Roger Pilon is the Director of the Asylum Policy and Review Unit of the Department of Justice. This essay is a slightly revised version of a speech Dr. Pilon delivered at the American Bar Association’s Annual Meeting in San Francisco, California, on August 9, 1987, ABA Section of Corporation, Banking and Business Law Showcase Program: “Contract, Commerce and the Constitution—A Look at Economic Liberties and the Judiciary.”
I. Introduction: Two Kinds of Liberty?
As the celebration of the bicentennial of our Constitution continues, we are coming increasingly to appreciate the connection between our economic liberties and our judiciary. It is a commonplace, of course, that enterprise has come under increasing restraint and regulation over the course of this century. In a review of yet another proposal to Federally charter the corporation, for example, L. E. Birdzell, Jr., writing in the bicentennial year of our independence, pointed to some 40 to 50 significant Federal statutes that “may reasonably be viewed as imposing requirements on corporate management in favor of employee, consumer, investor or environmental interests, ranging all the way to comprehensive regulation of entry, prices and services in much of the transportation, communication, energy, and banking industries.” The dozen years that have passed since that bicentennial have witnessed no appreciable measure of relief. On the contrary, in many areas the burdens upon enterprise have only increased, so much so that President Reagan, speaking from the Jefferson Memorial on the eve of last year’s celebration of our founding, thought it fitting to call for an Economic Bill of Rights, which he later characterized as a “fundamental reform that sees to it that our economic freedom is every bit as protected as our political freedom.”
That the President was thus driven to distinguish economic from political freedom is a mark of our times, of course. Two hundred years ago one could scarcely imagine so peculiar a distinction, so entwined were economic and political liberty thought to be. Indeed, in the recently discovered working draft of the Bill of Rights, written by Roger Sherman in July of 1789, Article 2 declares that “[t]he people have certain natural rights which are re tained by them when they enter into Society”; listed second in that Article, after rights of conscience but before rights of speech, writing, and publishing, are rights “of acquiring property, and of pursuing happiness & Safety,” understood ordinarily as rights of pursuing economic well-being. In so conjoining economic and political liberties, as we would now speak, Sherman reflected simply the wisdom of his age. By way of evidence we need look no further than to John Locke, the philosophical father of our Revolution: “Lives, Liberties and Estates, which I call by the general Name, Property.”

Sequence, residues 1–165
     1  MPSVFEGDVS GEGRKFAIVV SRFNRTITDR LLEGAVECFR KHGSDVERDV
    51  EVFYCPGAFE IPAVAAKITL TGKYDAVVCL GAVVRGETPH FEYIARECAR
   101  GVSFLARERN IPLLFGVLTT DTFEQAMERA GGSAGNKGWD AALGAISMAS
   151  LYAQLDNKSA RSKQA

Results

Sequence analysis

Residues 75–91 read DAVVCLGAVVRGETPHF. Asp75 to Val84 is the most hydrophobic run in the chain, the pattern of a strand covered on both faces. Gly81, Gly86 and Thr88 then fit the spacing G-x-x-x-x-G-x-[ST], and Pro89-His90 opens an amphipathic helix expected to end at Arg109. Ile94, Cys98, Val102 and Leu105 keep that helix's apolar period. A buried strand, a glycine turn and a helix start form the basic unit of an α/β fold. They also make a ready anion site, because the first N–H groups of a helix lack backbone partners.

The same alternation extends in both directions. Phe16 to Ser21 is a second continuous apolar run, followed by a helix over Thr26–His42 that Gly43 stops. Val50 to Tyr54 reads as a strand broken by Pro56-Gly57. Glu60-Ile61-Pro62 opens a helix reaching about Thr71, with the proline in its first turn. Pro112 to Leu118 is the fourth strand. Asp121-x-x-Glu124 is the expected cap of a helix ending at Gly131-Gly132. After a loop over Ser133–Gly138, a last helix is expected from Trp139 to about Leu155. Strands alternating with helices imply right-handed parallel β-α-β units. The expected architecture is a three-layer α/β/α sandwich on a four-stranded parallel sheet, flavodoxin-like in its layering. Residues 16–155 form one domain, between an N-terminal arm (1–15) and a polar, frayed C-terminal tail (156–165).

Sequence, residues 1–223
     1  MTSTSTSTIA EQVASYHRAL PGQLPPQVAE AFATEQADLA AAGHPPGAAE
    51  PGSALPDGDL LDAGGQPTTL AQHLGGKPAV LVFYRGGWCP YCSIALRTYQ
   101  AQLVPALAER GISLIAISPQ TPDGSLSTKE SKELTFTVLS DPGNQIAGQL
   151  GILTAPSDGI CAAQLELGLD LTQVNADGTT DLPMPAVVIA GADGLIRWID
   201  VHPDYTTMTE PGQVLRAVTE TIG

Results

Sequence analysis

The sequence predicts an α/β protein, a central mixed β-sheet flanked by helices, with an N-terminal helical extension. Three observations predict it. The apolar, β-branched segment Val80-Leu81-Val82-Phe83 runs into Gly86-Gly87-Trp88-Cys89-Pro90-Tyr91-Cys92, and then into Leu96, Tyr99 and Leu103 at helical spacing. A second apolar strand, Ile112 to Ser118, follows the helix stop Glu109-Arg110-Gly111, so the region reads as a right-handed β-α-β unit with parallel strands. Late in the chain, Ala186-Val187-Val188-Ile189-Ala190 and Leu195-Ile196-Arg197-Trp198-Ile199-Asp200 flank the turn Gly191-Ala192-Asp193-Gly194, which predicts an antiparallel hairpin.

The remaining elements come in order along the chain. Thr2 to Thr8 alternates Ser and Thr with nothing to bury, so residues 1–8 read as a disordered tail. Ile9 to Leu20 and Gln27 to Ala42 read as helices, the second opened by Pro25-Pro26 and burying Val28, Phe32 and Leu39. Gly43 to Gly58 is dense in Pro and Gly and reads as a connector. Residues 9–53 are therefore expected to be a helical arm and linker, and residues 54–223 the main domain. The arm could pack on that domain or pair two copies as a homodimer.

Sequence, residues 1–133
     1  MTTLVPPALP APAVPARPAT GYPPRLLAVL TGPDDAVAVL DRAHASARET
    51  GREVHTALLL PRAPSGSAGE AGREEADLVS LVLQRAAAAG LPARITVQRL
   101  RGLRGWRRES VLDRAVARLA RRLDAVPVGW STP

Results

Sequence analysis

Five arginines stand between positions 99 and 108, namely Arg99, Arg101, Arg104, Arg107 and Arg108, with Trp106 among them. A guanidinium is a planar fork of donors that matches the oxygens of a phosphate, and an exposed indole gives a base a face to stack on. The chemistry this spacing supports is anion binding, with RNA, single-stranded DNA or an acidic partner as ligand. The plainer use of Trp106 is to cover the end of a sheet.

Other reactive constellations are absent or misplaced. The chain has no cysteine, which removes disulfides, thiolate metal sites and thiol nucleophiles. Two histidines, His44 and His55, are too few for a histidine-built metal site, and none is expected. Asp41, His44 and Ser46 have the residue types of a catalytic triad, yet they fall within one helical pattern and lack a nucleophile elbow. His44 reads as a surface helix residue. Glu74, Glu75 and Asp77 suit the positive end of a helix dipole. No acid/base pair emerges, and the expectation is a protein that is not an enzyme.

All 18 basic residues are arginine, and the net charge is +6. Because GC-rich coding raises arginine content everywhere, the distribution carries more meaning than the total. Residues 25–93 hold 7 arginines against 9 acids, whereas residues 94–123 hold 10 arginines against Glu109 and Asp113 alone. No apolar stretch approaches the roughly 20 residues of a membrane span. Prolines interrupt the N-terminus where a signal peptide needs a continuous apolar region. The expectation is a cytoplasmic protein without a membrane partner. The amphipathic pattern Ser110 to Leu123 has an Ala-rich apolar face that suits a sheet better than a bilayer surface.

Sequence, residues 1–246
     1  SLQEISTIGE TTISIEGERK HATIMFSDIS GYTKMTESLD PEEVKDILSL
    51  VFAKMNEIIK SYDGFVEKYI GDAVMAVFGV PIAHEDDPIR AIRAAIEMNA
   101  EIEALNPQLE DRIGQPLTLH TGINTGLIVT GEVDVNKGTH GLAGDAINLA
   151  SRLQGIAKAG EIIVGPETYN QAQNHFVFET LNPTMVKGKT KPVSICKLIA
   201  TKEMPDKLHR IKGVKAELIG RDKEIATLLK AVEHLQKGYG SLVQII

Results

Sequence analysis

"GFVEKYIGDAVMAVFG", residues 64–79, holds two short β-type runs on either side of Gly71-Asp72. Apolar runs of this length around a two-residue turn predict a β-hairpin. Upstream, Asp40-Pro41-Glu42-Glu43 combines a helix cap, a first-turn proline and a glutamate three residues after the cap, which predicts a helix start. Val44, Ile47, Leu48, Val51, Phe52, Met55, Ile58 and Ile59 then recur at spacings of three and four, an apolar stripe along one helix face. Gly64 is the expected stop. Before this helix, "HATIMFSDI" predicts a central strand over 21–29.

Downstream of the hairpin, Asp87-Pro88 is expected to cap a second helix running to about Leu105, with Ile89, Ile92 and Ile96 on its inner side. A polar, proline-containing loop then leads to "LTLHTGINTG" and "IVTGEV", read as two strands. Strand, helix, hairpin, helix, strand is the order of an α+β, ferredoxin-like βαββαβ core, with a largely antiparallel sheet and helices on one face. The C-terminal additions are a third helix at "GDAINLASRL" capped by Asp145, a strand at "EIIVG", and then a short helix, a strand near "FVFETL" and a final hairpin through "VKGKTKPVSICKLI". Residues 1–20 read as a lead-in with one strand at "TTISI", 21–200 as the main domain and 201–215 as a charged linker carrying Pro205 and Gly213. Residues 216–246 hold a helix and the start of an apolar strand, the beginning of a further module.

There is more at issue here, of course, than a mere distinction, a semantic refinement. For behind this distinction is a set of ideas, a history of ideas—indeed, a whole vision that separates us from our forefathers. Yet the vision with which we are living today is increasingly being called into question: in economics, in law, in philosophy, the suspicion is developing that the Founders may have had the better of it—analytically, morally, and practically. A growing literature, pointing often to the opinions of our judiciary by way of evidence, is saying that along the way we lost our bearings.
II. Our Ideological Roots: Individualism
To explore these issues of ideology more fully, albeit briefly, we need to begin at the beginning, at our beginning, with the essence of the Founders’ vision, nowhere set forth more clearly than by Thomas Jefferson in the Declaration of Independence. In the space of a mere seven phrases the Declaration distills the moral, political, and legal vision of the classical liberals, beginning, not surprisingly, on a point of epistemology, that the conclusions that follow are asserted not as empirical, much less as evaluative, but as “self-evident” truths, truths of reason. Far from the stuff of a living, evolving conception, these are the truths that speak eternally and unchangingly to the human condition, transcending both time and circumstance. The moral truths come first, beginning with the premise of moral equality: “that all Men are created equal, that they are endowed by their Creator with certain unalienable Rights, that among these are Life, Liberty, and the Pursuit of Happiness.” Then come the political and, by implication, the legal truths: “that to secure these Rights, Governments are instituted among Men, deriving their just Powers from the Consent of the Governed.” Finally, to make it clear that political power derives from and remains ultimately with the people, the Founders point to the right of the people to alter or to abolish their government and to institute new government in its place.
As has often been noted, what we have in these few, revolutionary phrases is nothing less than the inversion of the ancient order. No longer would politics come first, ethics second. No longer would we begin with the group, the individual deriving his meaning, and his rights, from the group. No, we would begin instead with the individual. It is the individual who first has rights, which he has by nature, not by government grant. Indeed, it is government that gets its rights, or authority, by grant, from the individual, who yields up to government whatever rights he does, rights to be exercised on his behalf. Thus it is that governments derive their just powers from the consent of the governed.
A. Political Legitimacy: Grounded in Consent